In a few cases (Cyperaceae, Myrtaceae, some parts of Orchidaceae), separate lists were provided by more than one specialist. In all such cases, the lists were not 100% in agreement and the list presented is an amalgamation of the two. In the species lists in general, and the synonymies in particular (see below), it should be noted that different systematists will have different opinions on the status of particular names.
Taxa collected on Mt. Roraima have caused a problem because this table-mountain is located on the borders of Guyana, Venezuela and Brazil. Specimens from this area may lack a country designation or it may be incorrect or unknown, especially in historical collections. To prevent confusion, taxa known in the Guianas only from Mt. Roraima have been listed as "Mt. Roraima" rather than Guyana. However, as we continue to explore the Pakaraima Mountains, some taxa previously known only from Mt. Roraima may also be found in Guyana.
Included and excluded names: This checklist includes indigenous taxa and naturalized taxa (so noted when possible) as well as taxa from neighboring areas that may be expected in the Guianas. Infraspecific taxa at the level of subspecies and variety are included at the discretion of the contributors. Infraspecific taxa at the level of "forma" are excluded as well as names of varietal status not currently considered to be distinct from the "typical" variety.
We have excluded taxa known only in cultivation in the Guianas. Although some of these may be found as escapees, they are generally not well-established. DeFilipps (1992) has listed many of the cultivated plants in his recent publication.Synonymies and taxa not known in the Guianas: The synonymy is not meant to be exhaustive. We have included synonyms only if the synonymized name is found in recent literature. Because some of the synonymies are taken from the literature they may not all conform to the taxonomic concepts of the contributing specialist for that family. In many cases, a species has been reported from the Guianas either because of a broad species circumscription that has since been restricted (or as an infraspecific taxon that has since been raised to species status), or due to misidentifications or other errors. In either case, the name is listed at the end of the family with the notation "not in Guianas".
Once again, we thank the many specialists who have contributed to this checklist. It would not have been possible without their assistance. Their names are listed at the beginning of the family list with which they assisted as well as in Appendix A. Sally Adkins, Keitha Dattilo, Susan Grose, Marilyn Hansel, Tom Hollowell, Mark Strong, and Fernanda Zermoglio assisted with the proofreading and final preparation of the manuscript. We also thank Robert A. DeFilipps and Jan C. Lindeman for their numerous comments on the entire checklist. We have received comments, corrections, and encouragement from many sources, and regret that we can not name them all. In addition we thank D. B. Lellinger and L. E. Skog for being especially helpful with the overall project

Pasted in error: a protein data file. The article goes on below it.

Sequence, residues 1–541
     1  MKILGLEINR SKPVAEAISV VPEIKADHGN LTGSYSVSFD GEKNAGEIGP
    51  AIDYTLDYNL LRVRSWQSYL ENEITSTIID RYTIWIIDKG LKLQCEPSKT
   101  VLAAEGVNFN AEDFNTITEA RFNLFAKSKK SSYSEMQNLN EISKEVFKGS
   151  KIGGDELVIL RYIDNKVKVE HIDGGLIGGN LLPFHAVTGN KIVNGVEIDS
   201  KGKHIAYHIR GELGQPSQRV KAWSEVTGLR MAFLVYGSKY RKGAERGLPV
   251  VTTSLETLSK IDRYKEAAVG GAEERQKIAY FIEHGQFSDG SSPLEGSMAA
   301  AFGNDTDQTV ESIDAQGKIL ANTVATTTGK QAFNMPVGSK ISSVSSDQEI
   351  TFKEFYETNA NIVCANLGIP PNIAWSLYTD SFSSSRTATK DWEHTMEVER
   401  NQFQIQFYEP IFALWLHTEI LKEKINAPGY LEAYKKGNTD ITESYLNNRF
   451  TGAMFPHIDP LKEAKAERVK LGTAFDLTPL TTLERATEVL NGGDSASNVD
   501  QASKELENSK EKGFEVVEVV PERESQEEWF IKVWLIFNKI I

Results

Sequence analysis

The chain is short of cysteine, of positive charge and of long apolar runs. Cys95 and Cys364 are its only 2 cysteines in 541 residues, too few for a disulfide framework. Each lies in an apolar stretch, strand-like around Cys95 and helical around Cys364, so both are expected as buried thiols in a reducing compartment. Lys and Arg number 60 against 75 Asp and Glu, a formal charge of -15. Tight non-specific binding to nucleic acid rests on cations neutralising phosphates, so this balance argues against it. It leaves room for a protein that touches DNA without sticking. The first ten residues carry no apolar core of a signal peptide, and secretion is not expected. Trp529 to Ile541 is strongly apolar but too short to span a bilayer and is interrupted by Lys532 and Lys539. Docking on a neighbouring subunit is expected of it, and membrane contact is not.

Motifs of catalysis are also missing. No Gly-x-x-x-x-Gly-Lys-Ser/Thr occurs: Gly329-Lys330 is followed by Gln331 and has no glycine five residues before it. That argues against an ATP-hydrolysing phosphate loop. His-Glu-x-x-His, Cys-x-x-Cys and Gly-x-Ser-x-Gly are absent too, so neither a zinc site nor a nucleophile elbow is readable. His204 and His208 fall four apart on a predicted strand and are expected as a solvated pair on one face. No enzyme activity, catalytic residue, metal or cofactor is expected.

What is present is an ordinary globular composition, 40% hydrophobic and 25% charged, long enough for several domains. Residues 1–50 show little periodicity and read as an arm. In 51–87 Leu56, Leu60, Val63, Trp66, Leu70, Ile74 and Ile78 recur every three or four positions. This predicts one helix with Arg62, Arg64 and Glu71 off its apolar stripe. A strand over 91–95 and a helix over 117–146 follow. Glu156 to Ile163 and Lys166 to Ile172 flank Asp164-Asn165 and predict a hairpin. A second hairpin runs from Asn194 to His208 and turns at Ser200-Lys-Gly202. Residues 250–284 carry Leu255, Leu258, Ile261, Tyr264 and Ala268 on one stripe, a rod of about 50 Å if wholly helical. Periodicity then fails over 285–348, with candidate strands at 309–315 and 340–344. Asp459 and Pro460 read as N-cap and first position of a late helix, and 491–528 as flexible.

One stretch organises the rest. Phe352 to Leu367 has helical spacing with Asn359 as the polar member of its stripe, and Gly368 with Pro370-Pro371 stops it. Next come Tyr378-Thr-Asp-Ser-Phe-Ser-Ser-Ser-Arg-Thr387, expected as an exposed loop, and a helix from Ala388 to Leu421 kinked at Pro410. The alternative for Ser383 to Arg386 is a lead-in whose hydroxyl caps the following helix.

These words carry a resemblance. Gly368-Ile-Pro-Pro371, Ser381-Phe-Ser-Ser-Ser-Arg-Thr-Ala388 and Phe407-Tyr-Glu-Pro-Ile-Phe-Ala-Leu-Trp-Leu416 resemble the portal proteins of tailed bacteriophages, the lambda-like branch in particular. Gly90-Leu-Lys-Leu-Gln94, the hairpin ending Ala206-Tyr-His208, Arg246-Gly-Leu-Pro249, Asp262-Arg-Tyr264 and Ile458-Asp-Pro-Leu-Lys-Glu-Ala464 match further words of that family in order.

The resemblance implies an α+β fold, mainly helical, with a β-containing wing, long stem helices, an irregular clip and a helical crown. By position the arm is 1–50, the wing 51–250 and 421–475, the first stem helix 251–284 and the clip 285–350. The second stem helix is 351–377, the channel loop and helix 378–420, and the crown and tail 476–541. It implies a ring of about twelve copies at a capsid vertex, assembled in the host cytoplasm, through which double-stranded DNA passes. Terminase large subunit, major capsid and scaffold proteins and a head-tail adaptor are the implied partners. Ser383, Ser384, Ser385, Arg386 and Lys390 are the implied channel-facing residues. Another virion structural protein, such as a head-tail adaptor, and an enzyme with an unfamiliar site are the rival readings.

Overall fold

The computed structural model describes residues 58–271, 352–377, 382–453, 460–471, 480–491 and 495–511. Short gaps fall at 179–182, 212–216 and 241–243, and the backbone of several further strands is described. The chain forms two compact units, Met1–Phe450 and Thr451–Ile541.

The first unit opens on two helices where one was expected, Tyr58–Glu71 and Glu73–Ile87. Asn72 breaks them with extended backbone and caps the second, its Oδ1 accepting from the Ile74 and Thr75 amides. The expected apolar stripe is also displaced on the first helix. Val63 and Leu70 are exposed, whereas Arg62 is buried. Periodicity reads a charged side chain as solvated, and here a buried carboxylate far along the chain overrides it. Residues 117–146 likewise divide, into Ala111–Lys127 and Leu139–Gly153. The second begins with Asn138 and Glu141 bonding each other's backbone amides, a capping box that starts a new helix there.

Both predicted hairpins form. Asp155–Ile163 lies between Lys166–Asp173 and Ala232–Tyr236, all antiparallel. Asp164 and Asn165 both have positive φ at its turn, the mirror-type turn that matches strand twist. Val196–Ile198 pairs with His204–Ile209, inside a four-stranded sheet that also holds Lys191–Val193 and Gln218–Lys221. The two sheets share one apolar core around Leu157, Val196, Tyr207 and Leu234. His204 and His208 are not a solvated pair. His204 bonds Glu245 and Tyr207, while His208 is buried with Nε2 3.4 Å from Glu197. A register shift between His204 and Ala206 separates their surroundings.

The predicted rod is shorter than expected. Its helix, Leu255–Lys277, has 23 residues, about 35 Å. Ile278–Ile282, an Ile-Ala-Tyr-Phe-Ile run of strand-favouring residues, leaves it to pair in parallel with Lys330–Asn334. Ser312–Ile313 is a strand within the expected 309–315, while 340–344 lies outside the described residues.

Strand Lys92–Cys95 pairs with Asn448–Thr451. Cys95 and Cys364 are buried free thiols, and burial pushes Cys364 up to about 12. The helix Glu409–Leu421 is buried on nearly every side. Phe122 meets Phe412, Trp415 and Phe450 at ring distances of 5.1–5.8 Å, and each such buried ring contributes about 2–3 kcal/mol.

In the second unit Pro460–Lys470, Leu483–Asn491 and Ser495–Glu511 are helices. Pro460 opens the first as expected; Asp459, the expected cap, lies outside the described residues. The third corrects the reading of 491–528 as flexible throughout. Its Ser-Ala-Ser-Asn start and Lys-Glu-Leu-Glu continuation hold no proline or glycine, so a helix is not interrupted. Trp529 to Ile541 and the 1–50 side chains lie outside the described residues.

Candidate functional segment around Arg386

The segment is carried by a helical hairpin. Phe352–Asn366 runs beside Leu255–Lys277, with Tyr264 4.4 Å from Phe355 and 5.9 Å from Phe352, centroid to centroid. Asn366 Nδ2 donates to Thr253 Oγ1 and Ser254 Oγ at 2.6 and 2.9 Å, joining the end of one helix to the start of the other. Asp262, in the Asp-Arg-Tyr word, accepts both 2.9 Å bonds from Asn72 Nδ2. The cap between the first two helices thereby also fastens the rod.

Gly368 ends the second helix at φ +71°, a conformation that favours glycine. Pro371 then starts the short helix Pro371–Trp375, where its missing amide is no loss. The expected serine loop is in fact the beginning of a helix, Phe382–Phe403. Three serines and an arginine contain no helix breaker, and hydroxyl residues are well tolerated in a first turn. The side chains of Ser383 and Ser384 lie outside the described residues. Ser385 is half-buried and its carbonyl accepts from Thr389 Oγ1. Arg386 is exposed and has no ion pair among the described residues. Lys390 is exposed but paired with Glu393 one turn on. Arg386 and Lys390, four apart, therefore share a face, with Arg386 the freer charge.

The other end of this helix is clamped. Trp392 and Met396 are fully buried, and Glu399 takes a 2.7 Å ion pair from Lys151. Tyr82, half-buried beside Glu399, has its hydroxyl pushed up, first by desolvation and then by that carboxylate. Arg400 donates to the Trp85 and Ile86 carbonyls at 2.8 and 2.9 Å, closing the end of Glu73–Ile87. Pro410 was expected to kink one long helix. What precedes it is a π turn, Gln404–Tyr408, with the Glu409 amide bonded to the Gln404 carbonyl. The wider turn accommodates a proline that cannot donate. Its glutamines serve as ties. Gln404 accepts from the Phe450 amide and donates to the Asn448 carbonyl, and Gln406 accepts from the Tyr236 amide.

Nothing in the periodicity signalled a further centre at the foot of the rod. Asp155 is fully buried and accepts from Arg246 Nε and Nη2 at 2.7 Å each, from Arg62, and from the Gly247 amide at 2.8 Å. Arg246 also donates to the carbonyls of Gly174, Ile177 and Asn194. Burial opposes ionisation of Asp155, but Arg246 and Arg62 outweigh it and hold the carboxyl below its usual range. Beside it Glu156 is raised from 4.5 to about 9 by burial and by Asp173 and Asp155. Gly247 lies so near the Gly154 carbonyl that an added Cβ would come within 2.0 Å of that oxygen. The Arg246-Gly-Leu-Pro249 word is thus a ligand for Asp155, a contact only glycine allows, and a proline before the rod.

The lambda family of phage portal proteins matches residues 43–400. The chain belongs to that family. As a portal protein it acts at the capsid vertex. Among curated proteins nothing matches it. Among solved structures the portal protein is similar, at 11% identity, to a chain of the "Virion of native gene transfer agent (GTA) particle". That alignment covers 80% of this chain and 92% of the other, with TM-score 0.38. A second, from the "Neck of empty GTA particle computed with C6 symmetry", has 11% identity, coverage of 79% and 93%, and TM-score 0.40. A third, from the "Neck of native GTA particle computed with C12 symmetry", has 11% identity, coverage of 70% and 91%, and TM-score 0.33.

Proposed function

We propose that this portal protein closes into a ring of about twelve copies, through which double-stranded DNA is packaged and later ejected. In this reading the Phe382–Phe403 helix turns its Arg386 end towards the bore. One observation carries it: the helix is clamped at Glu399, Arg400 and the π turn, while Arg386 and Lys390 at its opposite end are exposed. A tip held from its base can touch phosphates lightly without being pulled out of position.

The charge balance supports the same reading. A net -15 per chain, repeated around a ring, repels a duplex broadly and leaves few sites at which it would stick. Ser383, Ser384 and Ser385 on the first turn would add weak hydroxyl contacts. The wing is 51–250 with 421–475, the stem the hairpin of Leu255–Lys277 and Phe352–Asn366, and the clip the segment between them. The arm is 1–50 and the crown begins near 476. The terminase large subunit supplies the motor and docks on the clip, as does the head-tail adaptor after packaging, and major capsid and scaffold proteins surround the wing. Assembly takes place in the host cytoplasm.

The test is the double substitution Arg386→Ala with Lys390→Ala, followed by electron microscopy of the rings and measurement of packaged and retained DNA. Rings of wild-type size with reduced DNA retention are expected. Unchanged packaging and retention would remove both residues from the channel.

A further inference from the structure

Cremers, G., C. Feuillet, J.J. de Granville, & M. Hoff. 1988. Liste des especes de Phanerogames et de Pteridophytes de Guyane francaise d'apres l'Herbier du Centre ORSTOM de Cayenne. ORSTOM, Cayenne.
Cronquist, A. 1981. An Integrated System of Classification of Flowering Plants. Columbia University Press, New York.
DeFilipps, R.A. 1992. Ornamental Garden Plants of the Guianas: An historical perspective of selected garden plants from Guyana, Surinam and French Guiana. Department of Botany, Smithsonian Institution, Washington, DC.
Doyle, A.C. 1912. The Lost World. Puffin Books, London.
Fanshawe, D.B. 1952. The vegetation of British Guiana: A preliminary review. Imperial Forestry Institute paper no. 29:1-96.
Gansser, A. 1954. The Guiana Shield (South America). Eclog. Gelo. Helv. 47:77-117. Gorts-van Rijn, A.R.A. [ed.]. 1985- . Flora of the Guianas. Koeltz Scientific Books, Germany.
Granville, J.J. de. 1974. Paysages vegetaux de la Guyane. Pages 77Ä78 in Regards sur la France. Editions S.P.E.I., Paris.
Haman, M. & B.R. Wood. 1928. The forests of British Guiana. Trop. Woods 15:2-13.
Hekking, W.H.A. & H.J.M. Sipman. 1988. The lichens reported from the Guianas before 1987. Willdenowia 17:193-228.
Holmgren, P.K., N.H. Holmgren, & L.C. Barnett. 1990. Index Herbariorum Part I: The Herbaria of the World. International Association for Plant Taxonomy.
Leechman, A. 1913. The British Guiana Handbook. "The Argosy" Co., Ltd., Georgetown, British Guiana and Dulau & Co., London.
Lindeman, J.C. & S.A. Mori. 1989. The Guianas. In D.G. Campbell and H.D. Hammond [ed.], Floristic Inventory of Tropical Countries. New York Botanical Garden, New York.
Maguire, B. 1970. On the flora of the Guayana Highland. Biotropica 2:85-100.
Maguire, B. & collaborators. 1953-1989. Botany of the Guayana Highland. Parts I-XIII. Mem. New York Bot. Gard.
McConnell, R.B. & B. Choubert. 1975. Guiana Shield-Regional Survey. In R.W. Fairbridge [ed.], Encyclopedia of World Regional Geology, Part I: Western Hemisphere. Dowden, Hutchinson, & Ross, Inc., Stroudsburg, PA.
Pulle, A., J. Lanjouw, A.L. Stoffers, & J.C. Lindeman. 1932-1984. Flora of Suriname. J.H. deBussy, Amsterdam; E.J. Brill, Leiden.
Stafleu, F.A. & R.S. Cowan. 1976-1988. Taxonomic Literature (second edition). Bohn, Scheltema, & Holkema, Utrecht.